In a typical year, as ice thaws and recedes during the spring, renters come out in droves to tour apartment buildings and sign new leases. But 2020 isn’t a normal year. As the pandemic blankets the streets with silence, leasing firms and their clients are turning more and more to virtual tours.
Even before the emergence of COVID-19, virtual tours were a practical tool, and growing in use. They provided another avenue for leasing teams to reach prospective tenants, who in turn were able to explore far more properties from their couch than they ever could via physically walking the property.
Current unfortunate events, however, dictate that almost no in-person tours are taking place—even if the need to rent hasn’t dissipated. Those firms that were early adopters of virtual touring are now better positioned to interact with clients.
Luxury Living Chicago Realty, for example, offers virtual tours for a number of its assignments, including River City in the South Loop, Wolf Point East in River North and Upshore Chapter in Uptown, among others. According to Aaron Galvin, Luxury Living Chicago’s CEO and founder, approximately 5 percent of their units have historically leased with no walk-through, which is only possible because of virtual touring. His team noticed significant site traffic over the past week once they started to heavily market the virtual tours.
“We’re really trying to balance the health and safety of our team and everybody else,” said Galvin. “We want to do our part to flatten the curve and also continue to lease apartments.”
When a prospective resident wants to virtually tour a Luxury Living Chicago listing, they first click into a schedule showing a calendar and contact form. Automated workflows explain the remote leasing process. An agent will then send out a pre-recorded showcase of amenity spaces and pre-selected units. Luxury Living Chicago partnered with Matterport and Realync to create video tour packages of their properties.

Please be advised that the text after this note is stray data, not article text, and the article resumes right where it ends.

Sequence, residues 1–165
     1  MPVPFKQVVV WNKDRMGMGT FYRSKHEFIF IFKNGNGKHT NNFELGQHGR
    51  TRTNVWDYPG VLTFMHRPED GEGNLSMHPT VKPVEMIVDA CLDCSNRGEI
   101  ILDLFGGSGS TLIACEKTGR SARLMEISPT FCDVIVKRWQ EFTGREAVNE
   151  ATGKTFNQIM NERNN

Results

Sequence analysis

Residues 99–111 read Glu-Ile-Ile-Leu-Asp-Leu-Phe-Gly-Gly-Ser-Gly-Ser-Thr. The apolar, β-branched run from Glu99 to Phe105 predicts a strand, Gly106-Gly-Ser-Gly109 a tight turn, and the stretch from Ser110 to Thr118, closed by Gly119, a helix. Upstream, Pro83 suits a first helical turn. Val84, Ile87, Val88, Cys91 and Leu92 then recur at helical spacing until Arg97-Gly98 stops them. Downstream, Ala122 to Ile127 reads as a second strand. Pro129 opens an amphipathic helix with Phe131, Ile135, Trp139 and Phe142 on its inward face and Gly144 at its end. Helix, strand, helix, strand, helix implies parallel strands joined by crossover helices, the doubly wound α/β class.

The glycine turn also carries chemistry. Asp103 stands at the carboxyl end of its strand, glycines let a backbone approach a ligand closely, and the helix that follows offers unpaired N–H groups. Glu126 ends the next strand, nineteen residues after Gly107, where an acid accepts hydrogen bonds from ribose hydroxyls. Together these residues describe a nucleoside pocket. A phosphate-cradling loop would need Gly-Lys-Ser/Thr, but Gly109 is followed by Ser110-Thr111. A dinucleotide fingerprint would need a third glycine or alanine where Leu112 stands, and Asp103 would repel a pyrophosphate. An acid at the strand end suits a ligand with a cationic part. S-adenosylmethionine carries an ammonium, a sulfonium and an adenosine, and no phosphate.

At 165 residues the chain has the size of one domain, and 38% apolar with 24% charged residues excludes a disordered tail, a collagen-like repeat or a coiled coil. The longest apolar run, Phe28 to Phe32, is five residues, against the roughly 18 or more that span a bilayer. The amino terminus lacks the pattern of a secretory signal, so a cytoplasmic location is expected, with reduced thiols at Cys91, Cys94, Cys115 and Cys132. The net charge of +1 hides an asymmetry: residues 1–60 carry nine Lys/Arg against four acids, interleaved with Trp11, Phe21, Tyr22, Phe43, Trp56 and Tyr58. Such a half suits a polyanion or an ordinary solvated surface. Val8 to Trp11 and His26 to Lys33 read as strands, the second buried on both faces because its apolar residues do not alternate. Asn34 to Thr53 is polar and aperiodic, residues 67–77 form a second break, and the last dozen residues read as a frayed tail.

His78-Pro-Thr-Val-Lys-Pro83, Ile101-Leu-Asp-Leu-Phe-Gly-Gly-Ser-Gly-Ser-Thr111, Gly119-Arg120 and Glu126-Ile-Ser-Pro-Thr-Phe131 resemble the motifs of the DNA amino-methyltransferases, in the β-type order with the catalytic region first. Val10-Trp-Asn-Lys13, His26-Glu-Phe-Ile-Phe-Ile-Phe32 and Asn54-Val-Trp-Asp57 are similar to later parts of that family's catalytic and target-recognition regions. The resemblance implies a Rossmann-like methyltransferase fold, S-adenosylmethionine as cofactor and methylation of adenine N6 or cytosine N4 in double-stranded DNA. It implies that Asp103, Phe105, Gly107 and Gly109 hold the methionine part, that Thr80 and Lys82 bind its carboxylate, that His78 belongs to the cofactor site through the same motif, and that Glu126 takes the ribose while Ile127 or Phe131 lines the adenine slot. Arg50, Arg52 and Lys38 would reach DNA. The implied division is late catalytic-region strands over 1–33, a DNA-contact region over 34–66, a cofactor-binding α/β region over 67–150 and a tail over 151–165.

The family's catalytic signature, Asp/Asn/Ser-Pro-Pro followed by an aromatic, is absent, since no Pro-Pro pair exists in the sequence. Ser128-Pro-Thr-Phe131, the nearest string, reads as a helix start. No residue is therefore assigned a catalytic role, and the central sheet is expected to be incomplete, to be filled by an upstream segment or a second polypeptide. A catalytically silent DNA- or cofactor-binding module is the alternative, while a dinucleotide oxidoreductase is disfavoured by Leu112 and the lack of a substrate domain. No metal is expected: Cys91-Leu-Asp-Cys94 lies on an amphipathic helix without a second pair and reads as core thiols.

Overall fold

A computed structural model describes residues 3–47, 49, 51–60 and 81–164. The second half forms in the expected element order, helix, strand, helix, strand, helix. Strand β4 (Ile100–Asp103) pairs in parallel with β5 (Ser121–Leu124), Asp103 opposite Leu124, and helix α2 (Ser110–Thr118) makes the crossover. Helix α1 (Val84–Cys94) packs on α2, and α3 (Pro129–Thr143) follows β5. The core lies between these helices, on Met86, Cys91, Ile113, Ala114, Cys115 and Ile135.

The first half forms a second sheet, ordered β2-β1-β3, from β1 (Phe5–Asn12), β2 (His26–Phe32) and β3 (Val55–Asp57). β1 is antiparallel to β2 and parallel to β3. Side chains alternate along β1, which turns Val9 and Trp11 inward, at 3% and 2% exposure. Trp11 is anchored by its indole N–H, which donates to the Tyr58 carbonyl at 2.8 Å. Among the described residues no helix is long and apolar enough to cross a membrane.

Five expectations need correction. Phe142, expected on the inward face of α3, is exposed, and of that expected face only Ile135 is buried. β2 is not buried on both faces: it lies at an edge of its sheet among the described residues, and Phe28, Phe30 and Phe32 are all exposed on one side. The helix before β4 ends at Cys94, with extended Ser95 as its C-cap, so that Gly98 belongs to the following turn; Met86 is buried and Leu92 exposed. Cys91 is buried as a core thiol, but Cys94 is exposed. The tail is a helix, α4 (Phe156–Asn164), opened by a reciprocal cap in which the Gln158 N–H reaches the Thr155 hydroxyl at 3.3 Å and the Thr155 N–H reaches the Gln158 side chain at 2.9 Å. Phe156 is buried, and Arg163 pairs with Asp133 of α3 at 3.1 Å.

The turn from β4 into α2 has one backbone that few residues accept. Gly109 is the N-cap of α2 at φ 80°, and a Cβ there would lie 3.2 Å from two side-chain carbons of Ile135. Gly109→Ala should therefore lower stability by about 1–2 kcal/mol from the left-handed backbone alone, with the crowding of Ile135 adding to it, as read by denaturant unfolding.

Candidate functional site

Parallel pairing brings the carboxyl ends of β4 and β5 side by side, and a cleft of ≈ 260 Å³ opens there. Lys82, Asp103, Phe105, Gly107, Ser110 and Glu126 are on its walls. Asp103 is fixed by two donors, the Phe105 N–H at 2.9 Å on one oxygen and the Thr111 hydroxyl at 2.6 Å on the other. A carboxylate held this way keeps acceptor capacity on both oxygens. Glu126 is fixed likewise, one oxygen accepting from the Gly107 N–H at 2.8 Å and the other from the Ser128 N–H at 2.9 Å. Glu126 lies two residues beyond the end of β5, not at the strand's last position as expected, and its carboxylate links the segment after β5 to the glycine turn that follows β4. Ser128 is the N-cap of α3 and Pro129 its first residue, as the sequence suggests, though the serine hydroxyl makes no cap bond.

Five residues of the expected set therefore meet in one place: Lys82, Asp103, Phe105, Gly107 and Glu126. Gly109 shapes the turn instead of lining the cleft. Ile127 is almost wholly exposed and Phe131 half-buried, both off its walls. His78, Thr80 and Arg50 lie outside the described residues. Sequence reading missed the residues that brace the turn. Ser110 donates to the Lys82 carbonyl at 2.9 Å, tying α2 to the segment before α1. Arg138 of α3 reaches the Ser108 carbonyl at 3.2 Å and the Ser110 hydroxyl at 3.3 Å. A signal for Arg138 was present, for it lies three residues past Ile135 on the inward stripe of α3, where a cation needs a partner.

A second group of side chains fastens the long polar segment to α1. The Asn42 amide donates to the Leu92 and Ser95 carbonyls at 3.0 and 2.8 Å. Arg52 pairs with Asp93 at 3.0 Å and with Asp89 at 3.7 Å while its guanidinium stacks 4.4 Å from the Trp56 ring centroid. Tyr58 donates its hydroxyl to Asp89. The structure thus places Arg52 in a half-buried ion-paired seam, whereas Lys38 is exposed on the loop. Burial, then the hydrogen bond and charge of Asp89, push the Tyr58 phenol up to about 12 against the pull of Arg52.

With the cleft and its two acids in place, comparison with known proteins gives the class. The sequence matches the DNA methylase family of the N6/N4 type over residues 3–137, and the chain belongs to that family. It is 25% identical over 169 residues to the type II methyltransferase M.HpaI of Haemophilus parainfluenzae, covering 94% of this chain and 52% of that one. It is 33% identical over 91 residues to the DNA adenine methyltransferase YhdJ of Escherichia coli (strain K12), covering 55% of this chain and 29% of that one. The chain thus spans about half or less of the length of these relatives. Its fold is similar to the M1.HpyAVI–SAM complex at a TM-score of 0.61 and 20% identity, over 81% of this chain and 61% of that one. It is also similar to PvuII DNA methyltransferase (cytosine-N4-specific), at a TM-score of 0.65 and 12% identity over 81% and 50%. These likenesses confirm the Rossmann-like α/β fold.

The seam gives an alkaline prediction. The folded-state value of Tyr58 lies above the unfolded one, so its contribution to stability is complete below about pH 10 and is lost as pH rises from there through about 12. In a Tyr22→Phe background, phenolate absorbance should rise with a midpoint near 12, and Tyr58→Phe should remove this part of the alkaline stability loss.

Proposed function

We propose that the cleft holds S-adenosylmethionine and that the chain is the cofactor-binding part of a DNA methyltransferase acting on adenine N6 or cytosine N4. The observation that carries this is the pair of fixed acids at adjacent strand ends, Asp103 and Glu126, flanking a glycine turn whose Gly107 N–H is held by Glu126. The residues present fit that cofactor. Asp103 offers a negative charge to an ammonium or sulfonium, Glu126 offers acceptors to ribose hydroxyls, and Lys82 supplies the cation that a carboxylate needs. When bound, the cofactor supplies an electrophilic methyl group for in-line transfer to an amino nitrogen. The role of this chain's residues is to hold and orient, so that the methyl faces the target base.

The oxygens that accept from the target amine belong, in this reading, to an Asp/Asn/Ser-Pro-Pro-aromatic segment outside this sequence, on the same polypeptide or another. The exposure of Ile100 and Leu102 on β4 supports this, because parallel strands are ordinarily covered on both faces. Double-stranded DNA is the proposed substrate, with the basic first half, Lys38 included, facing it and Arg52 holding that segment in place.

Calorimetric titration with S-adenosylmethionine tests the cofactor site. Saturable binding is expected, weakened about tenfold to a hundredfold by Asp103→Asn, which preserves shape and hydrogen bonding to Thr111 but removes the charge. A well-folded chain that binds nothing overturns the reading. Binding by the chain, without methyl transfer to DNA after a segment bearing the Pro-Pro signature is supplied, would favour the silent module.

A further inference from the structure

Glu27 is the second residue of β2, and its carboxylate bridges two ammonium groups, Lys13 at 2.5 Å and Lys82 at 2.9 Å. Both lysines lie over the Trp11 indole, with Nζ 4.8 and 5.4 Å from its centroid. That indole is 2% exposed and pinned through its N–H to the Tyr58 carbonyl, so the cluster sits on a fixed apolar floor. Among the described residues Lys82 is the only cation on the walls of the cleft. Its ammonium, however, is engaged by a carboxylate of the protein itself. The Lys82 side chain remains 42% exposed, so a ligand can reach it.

The client can then ask specific questions of an agent through a Google Hangouts video chat. If they want to know more about the views, layout and other details of a specific unit, an agent can provide that through a bespoke virtual tour of that residence.
“Our agents are pretty well versed in this, as they’re often leasing during pre-construction,” said Taylor Maggi, marketing manager at Crescent Heights. “Now, of course, the frequency of this has skyrocketed, because it’s our only alternative.”
Crescent Heights is the developer behind NEMA Chicago, the city’s tallest rental residence at 76 stories. The Rafael Viñoly-designed property has 800 units and Crescent Heights is also leveraging its virtual tour capabilities to reach potential tenants during the pandemic lock-down.
“We’re fortunate enough to be in the position that we are where we have this technology available to us,” Maggi said.
Eventually, once this health emergency scales back, people will once again come within six feet of one another, exchange handshakes and otherwise re-integrate back into society. But what of virtual tours? Will leasing agents and prospective tenants alike find greater use in this tool?
“The industry has been moving towards a combination of remote and self-guided touring already,” Galvin said. “There is going to be an opportunity to help people feel more comfortable, even prior to coming to the showing, because there’s going to be an adjustment period as we come back into society—hopefully sooner rather than later. And I think that these tools will be really helpful.”
According to Galvin, approximately 40 percent of Luxury Living Chicago’s traffic is from residents looking to relocate from out of state. For them, they need as many digital assets as they can possibly get. Even for prospects looking to move from mere blocks away, a virtual tour provides so much up-front information that any eventual walking tour feels like a second visit to the property.
“This comes back to the how the pandemic is shaping our consumer behavior in general,” said Maggi, pointing to the better-than-expected productivity that employers and employees are experiencing now that many more are working from home. That said, there’s nothing like actually being there.
“We’re capturing more and more content every day and building our arsenal of videos,” Maggi said. “But it’s still a big decision to pull the trigger and move, so I think that, generally, the comfort level will remain for site visits moving forward.”